Friday, December 13, 2013

Palm readers, cloth wipes and glorious neck rolls

When I was 18, I worked at the worst pizza place in Portland, Oregon.  It was on Hawthorne Blvd. and the pay was just as bad as the pizza, but the people that worked there were amazing.  And one of my dearest friends worked across the street at Ben and Jerry’s.  Free pizza and ice cream!  Madness!

I was working one day and one of the palm readers that hung out on Hawthorne came in.  He had a super bad headache and needed some ibuprofen, so I gave him some.  He was so grateful; he offered me a free palm reading when I had time.  He told me to just stop by.  He was normally sitting on the sidewalk across the street.

That weekend, I went to go see him before work.  I have had my palm read twice in my life.  That was the first time and he read my future.  The only part I really remember is when he told me I would have one child.  He said, “One child, maybe two, but definitely one and it’s going to be a boy.”  So I’ve known for a long time that Hamburglar would be born.  And maybe he will have a brother or sister.  We don’t know yet.

The second time I had my palm read was about 5 or 6 years later.  I was drunk in Dublin.  I refer to it as the night I was nearly kidnapped by a Pakistani Palm Reader.  Because that makes it sound really fancy and exciting.  I had been on a drinking adventure with one of my Irish friends, and we wound up at his friend’s house, who learned how to read palms from his mother, who had learned from her mother, who had learned from her mother and so on.  He told me he didn’t like to read the future in people’s hands; he preferred to read their past.  So, he read me my past as written on my palms and it was uncannily accurate.   It’s interesting how much of us is written on our hands.

I’m not sure why I woke up thinking about these palm readers this morning.  I just know that, when I think of one, the other tends to come with it.  I kind of want to find that first one again and ask him if my number of children have become more definitive.  But that’s because I hate making big decisions.  Well, it’s a love/hate thing.  When I first moved back to the country, I was thinking about joining a cult so I wouldn’t have to worry about finding a job or making my own decisions, because living in the US has seemed far more complicated ever since I returned.  Part of that could also be due to excessive amounts of sobriety.

Anyway, enough of that.

I have started using cloth wipes to go with my cloth diapers.  I’m not sure why we didn’t do it from the beginning.  I mean, if we are going to be washing diapers anyway, why not wash other stuff, too?  I did a bunch of research and read everything I could find (of course) and I went to the co-op and bought two, 4-oz, glass bottles.  One blue and one brown.  The blue one holds water.  In the brown one I made a solution consisting of:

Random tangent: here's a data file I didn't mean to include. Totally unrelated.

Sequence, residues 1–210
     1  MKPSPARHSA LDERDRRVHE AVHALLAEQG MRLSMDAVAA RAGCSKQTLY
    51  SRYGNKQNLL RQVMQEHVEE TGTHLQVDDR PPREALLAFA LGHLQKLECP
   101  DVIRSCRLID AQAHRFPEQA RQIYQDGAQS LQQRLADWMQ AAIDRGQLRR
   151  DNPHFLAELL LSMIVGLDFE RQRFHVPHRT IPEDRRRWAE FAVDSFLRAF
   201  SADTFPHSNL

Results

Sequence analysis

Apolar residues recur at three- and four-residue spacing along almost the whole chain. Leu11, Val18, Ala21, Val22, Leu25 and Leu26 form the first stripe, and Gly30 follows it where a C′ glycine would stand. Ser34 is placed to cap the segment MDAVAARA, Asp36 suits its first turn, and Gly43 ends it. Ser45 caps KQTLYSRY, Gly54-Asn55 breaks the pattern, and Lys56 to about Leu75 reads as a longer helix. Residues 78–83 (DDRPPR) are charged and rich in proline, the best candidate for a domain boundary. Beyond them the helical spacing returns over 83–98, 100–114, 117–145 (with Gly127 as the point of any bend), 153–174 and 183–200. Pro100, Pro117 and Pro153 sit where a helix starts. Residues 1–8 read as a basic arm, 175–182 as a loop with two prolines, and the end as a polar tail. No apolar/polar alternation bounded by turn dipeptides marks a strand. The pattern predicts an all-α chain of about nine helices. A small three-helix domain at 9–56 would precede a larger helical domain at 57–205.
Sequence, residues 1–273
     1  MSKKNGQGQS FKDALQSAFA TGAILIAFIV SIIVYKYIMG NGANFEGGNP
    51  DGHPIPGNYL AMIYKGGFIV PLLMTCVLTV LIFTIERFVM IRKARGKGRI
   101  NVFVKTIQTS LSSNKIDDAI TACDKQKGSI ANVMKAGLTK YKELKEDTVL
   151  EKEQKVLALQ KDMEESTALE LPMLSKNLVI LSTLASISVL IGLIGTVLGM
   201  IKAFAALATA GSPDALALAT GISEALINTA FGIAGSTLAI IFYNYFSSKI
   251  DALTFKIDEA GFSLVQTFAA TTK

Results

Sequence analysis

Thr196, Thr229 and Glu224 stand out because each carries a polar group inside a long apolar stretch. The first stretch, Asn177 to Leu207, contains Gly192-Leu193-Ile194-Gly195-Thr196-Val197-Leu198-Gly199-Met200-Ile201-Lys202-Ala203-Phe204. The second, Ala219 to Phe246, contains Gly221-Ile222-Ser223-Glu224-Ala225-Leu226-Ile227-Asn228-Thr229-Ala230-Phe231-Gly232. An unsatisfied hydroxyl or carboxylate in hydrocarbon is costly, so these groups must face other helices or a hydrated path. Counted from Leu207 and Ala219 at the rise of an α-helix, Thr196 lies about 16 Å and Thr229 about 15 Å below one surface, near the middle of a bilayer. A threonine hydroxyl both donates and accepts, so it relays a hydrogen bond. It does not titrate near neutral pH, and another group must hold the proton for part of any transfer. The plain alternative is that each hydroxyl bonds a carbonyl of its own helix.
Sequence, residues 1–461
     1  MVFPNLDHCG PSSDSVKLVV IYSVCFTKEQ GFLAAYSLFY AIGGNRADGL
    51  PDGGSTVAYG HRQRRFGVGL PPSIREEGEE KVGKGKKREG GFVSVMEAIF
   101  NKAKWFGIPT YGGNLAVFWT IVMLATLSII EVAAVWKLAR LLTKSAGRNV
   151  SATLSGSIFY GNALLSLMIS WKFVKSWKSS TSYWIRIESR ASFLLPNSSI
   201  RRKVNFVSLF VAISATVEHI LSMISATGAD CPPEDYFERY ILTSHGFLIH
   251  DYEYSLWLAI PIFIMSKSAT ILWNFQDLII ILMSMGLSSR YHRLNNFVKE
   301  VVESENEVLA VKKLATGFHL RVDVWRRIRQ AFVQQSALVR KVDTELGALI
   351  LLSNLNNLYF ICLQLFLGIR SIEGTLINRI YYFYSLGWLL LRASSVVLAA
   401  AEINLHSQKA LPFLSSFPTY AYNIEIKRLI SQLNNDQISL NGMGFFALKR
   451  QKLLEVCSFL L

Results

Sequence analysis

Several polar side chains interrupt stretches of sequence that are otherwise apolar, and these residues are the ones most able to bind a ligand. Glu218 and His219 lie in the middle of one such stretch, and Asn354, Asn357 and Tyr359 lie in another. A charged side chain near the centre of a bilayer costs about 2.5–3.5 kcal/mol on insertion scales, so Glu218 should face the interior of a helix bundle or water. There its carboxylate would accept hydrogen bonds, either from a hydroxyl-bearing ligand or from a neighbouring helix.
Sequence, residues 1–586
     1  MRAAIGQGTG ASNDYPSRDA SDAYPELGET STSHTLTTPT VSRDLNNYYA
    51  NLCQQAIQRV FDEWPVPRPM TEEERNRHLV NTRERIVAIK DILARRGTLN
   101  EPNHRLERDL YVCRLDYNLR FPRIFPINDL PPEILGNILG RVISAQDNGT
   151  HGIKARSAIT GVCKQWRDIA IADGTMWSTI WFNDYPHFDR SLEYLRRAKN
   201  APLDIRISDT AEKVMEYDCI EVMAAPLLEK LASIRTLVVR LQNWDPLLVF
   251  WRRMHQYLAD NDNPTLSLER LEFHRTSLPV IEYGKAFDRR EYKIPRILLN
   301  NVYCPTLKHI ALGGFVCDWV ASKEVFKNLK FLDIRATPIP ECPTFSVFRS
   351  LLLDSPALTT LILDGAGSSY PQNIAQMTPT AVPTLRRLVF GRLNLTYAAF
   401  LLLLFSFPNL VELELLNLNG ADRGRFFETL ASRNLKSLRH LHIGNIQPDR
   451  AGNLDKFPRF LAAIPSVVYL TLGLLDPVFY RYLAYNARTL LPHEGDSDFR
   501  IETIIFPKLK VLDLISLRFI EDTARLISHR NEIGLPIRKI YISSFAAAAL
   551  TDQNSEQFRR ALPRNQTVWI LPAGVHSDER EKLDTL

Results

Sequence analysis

4oz water
            1 tsp Dr. Bronner’s super sensitive/mild baby soap awesomeness
            1 Tbl olive oil
            And a little aloe vera gel, for funzies

I spray it on the baby and use baby wash cloths as wipes.  I received about ten million of them from baby showers and I bought a few more.  They are working super well.  Between the cloth wipes and diapers, our favorite baby hasn’t had diaper rash.  We use a disposable at night and, since he normally goes 8+ hours before being changed at night, I slather desitin on him as a preventative measure.  But, there you have it.  Cloth diapering and cloth wipes are working well for us.

In other news, Chumbawumba, aka Hamburglar McCloud, aka Fatty McFatfat, aka Chubs McBabylegs, weighs almost 17 pounds.  One of my coworkers has a son who is a year old and he weighs 18 pounds.  I’m pretty sure Hamburglar is full of dark matter.  Mr. Adventure is worried that the wee babe is too heavy, but I think once he starts crawling and moving more, he will slim down.

Speaking of moving… he is grabbing things other than my hair!  It’s all very exciting.  I bought him Sophie the Giraffe and he grabbed it out of my hand and was sucking on her face.

And, speaking of things that go in a baby’s mouth (whether they should or shouldn't), I read this hilarious list on Slate, Called “A 10 Month Old’s Christmas List”.  It starts with, "I am a 10-month-old baby, and I write because my mother has been sending out my Christmas list to people, and her list does not in any way represent the things I really want.  I could give two s#*ts about receiving stacking cups."  And it goes on to become really funny.

I feel like I am getting dumber.  I wonder if every new mom feels like this during the first year or so?  Will I get smarter, though?  Or will I just not miss the brain cells I am currently losing?  It's hard, though.  I work 40+ hours a week using my science brain, then I come home and basically feed the wee babe until I go to sleep.  Hence his nearly 17 pounds of glorious neck rolls and wrist fat.  He's still exclusively breastfed, and I keep reading that you can't over feed a breastfed baby, so...

Mr. Adventure told me the other night that I used to be witty.  And he’s right.  I was god damned hilarious and clever and all sorts of awesome.  Now I’m just so damn tired.  All the time.  There is not enough coffee in the world.

In the world.

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